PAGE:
Are you confident that your son or daughter meets, or will meet, the new NCAA Division I eligibility requirements for Fall 2016 incoming freshman?

If you’re a high school athlete or parent of a high school athlete who will graduate in 2016 or after, it’s important to know that the NCAA Division I eligibility requirements are changing!

What happens if an athlete is not certified as a “Qualifier” for Division I freshman eligibility? If your athlete doesn’t meet the NCAA Division I requirements for freshman eligibility because they didn’t take the required core courses, or don’t have the necessary GPA, or ACT or SAT test score, the consequences are:

  • Your athlete cannot receive an athletic scholarship during their freshman unless the requirements for “Academic Redshirt” are met
  • Your athlete will NOT be eligible to compete during their freshman year.
  • Your athlete will not be eligible to practice with the team or attend weight training with their team.

If your athlete goes to a JUCO their freshman year as a non-qualifier:

  • They will NOT be eligible to transfer to a Division I program after just one year.
  • Your athlete will also have more extensive academic requirements at the JUCO

Don’t be on the outside looking in!
The hardest thing I had to do when I worked on campus was tell an athlete they weren’t eligible to play their sport because they hadn’t met the core course requirements for eligibility.

This is why we created Informed Athlete’s Freshman Eligibility & Transcript Review service, so we can help high school athletes and parents be better informed and prepared without unpleasant surprises!

With Informed Athlete’s Freshman Eligibility and Transcript Review, we will:


  • Explain the freshman eligibility requirements and how they affect you.
  • Compare the courses completed with your high school’s “core course” listing.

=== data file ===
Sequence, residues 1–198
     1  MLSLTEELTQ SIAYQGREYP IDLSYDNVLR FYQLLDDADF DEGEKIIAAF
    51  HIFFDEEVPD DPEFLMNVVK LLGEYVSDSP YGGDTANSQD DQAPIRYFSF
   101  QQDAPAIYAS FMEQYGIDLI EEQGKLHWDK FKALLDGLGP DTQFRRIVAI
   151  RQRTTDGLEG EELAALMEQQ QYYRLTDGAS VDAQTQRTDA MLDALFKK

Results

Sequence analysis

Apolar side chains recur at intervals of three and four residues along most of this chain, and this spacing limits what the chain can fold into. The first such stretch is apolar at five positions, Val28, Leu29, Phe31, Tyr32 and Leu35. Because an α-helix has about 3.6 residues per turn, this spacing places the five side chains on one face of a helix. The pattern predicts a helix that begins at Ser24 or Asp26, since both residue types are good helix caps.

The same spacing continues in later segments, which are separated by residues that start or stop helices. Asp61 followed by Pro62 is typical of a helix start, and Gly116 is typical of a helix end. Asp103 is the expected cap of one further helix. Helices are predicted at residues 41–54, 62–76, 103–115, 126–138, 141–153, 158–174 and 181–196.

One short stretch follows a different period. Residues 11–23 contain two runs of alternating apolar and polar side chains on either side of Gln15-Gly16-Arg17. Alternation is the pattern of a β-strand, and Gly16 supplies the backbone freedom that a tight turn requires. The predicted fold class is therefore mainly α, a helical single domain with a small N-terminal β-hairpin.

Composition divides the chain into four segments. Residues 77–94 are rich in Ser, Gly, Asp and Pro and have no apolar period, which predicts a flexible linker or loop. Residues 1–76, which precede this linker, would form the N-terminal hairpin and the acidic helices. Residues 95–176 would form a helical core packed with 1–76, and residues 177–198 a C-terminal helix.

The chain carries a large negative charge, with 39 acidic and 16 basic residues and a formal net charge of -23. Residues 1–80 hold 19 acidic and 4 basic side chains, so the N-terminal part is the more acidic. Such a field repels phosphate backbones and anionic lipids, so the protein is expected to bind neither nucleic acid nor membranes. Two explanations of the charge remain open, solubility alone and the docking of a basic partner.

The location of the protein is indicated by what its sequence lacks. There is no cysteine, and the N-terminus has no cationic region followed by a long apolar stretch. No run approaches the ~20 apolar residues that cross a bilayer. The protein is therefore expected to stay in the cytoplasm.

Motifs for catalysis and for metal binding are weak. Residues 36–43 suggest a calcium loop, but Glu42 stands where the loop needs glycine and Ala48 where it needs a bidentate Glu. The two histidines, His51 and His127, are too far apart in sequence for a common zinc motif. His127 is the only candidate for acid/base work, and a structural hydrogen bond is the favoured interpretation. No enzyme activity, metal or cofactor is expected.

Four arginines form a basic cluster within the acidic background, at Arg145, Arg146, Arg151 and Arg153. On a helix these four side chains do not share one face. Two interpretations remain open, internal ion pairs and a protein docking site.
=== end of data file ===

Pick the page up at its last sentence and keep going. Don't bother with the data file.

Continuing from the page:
• Provide an assessment of the subjects that need to be completed to satisfy initial (freshman) eligibility requirements.
  • Review your son or daughter’s ACT or SAT test scores, and determine the GPA that will be needed for eligibility, and
  • Suggest steps and discuss a plan of action that may be available to satisfy the eligibility requirements.

Junior Golfers: Having the right tools is paramount

Having the right tools by Rebecca Butler, College Golf Camps, Camp Director. This former LSU Tiger knows what it takes at the next level.

As a former junior and collegiate competitive golfer I can smile as I reminisce and reflect back on some memorable experiences. Playing top ranked golf courses, flying in private planes, golf tournaments in Hawaii and Puerto Rico, enough gear that I still have a closet full of logoed goodies, and friendships that will last a lifetime. How was I able to play on a top ten ranked college team, travel the country with my teammates, and build lifelong relationships? For me it was having all the “right tools in my toolbox.”

I will say first and foremost, I absolutely did not do this on my own, but with the help of extremely supportive parents. I started to build my toolbox at the age of three with traditional golf clinics, as I progressed so did my instruction to private lessons and individualized practice plans. As I grew older my goals (supported by my parents and family) was to have success on every level – local, regional and national events. If I wasn’t ready to move to the next level, I didn’t.

I had the instruction and access to competition, which pushed me to work hard to improve my game and progress as a competitive golfer. Even with success on the course, I was determined to do anything I could to get noticed. So I addressed envelopes and included my golf resume and letter to coaches, my parents would mail them for me, and again I was building my toolbox.

Every junior golfer is different and their path to collegiate golf will reflect their successes on and off the course. As a junior golfer, parent or supporter it is important to have access to the tools needed in navigating the road to college golf.

Geaux Tigers!!

Fairways and Greens,

Rebecca Butler